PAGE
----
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J Sports Sci. 2012;30(14):1463-71. doi: 10.1080/02640414.2012.712714. Epub 2012 Aug 28.

Optimising technical skills and physical loading in small-sided basketball games.

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1
Australian Institute of Sport, Department of Physiology, Canberra, Australia. markus.klusemann@ausport.gov.au

Abstract

Differences in physiological, physical, and technical demands of small-sided basketball games related to the number of players, court size, and work-to-rest ratios are not well characterised. A controlled trial was conducted to compare the influence of number of players (2v2/4v4), court size (half/full court) and work-to-rest ratios (4x2.5 min/2x5 min) on the demands of small-sided games. Sixteen elite male and female junior players (aged 15-19 years) completed eight variations of a small-sided game in randomised order over a six-week period. Heart rate responses and rating of perceived exertion (RPE) were measured to assess the physiological load. Movement patterns and technical elements were assessed by video analysis. There were ∼60% more technical elements in 2v2 and ∼20% more in half court games. Heart rate (86 ± 4% & 83 ± 5% of maximum; mean ± SD) and RPE (8 ± 2 & 6 ± 2; scale 1-10) were moderately higher in 2v2 than 4v4 small-sided games, respectively. The 2v2 format elicited substantially more sprints (36 ±12%; mean ±90% confidence limits) and high intensity shuffling (75 ±17%) than 4v4. Full court games required substantially more jogging (9 ±6%) compared to half court games. Fewer players in small-sided basketball games substantially increases the technical, physiological and physical demands.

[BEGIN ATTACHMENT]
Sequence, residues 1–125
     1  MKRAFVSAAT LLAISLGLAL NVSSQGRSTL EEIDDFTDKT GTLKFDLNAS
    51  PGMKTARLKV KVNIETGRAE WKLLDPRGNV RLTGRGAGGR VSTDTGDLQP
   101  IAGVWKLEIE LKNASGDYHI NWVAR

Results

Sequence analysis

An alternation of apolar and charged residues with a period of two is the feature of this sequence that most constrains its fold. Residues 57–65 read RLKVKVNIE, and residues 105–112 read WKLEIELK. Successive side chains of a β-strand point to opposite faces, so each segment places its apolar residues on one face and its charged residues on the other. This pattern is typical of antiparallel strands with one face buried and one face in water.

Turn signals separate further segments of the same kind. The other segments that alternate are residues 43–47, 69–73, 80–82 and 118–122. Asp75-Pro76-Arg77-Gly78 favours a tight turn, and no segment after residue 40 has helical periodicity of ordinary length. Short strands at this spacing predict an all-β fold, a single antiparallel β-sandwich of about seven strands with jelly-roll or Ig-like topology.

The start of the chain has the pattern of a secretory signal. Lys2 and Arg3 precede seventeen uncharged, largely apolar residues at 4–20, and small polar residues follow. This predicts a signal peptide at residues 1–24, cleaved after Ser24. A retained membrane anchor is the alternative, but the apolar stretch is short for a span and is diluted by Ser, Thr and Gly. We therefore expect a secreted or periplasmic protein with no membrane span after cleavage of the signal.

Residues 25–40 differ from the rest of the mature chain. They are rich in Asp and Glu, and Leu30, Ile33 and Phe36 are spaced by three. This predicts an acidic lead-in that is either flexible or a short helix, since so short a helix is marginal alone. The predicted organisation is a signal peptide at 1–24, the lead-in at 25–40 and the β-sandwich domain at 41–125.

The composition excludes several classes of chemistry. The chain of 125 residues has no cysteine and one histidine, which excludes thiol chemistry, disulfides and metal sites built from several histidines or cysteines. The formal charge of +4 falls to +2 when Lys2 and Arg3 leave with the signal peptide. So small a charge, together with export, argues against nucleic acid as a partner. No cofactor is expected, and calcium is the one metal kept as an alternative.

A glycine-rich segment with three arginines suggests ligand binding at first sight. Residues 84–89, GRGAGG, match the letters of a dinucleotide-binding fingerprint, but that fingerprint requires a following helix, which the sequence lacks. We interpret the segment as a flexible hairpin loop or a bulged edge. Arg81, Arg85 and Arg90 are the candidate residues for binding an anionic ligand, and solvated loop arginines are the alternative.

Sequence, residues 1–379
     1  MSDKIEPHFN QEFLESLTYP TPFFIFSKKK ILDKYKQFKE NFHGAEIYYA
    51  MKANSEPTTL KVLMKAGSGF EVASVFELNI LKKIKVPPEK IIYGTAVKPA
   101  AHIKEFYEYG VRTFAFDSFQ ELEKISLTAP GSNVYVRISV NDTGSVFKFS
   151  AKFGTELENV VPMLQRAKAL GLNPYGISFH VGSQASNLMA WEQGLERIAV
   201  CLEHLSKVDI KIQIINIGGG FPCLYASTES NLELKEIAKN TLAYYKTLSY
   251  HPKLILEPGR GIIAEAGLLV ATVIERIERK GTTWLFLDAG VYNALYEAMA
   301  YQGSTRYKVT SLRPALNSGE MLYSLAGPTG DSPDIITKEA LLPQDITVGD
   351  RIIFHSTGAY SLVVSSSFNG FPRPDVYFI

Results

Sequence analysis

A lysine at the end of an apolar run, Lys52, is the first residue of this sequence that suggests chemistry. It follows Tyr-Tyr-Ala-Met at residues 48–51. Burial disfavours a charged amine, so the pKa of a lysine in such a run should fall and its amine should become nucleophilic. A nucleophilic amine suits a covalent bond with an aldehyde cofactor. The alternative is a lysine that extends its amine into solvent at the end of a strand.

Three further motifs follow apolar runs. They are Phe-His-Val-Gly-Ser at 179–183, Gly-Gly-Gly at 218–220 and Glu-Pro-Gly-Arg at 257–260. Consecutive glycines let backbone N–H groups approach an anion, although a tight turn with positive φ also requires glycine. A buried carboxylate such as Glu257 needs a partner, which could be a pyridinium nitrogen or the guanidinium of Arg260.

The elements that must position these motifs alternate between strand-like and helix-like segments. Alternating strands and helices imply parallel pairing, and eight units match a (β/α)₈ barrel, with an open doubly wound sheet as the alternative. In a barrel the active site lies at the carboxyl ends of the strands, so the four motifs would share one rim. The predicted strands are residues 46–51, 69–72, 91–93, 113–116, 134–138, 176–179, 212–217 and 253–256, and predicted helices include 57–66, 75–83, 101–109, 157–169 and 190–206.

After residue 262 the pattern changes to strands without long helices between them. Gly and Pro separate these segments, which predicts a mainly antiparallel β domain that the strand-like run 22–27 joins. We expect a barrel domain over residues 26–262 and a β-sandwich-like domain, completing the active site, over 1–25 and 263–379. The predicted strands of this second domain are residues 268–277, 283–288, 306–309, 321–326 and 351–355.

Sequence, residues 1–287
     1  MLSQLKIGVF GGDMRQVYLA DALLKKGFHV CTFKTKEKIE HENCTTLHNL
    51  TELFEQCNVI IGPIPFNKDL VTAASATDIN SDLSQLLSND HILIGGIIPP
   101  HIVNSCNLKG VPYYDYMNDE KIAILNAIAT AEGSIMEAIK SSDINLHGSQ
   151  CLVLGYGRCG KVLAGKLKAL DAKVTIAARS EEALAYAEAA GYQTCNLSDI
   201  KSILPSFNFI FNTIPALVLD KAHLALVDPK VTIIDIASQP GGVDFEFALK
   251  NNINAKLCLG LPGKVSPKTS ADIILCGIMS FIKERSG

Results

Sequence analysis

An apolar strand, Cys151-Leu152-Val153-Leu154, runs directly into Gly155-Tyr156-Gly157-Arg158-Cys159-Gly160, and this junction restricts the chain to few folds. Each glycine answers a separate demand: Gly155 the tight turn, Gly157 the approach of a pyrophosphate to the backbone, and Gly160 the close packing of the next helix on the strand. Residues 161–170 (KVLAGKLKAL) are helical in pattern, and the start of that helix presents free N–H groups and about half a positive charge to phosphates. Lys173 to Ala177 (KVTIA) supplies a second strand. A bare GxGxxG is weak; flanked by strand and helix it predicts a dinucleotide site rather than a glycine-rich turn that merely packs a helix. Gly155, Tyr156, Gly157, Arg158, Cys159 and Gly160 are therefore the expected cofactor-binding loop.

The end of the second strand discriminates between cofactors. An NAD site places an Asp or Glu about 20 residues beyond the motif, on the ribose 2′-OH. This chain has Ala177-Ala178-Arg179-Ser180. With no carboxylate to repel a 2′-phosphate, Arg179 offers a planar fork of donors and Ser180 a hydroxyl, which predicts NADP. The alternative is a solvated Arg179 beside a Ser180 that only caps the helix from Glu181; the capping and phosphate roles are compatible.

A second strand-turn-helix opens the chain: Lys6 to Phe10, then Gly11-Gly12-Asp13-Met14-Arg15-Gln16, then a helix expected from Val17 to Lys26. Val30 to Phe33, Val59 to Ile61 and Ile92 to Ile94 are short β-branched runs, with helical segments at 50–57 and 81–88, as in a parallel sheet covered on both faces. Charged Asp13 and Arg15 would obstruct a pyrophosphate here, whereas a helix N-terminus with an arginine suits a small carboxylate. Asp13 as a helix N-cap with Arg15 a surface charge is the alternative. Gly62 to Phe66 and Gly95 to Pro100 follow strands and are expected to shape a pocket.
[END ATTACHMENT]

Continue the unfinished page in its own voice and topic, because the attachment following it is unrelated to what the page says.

PMID:
22928779
DOI:
10.1080/02640414.2012.712714
[Indexed for MEDLINE]
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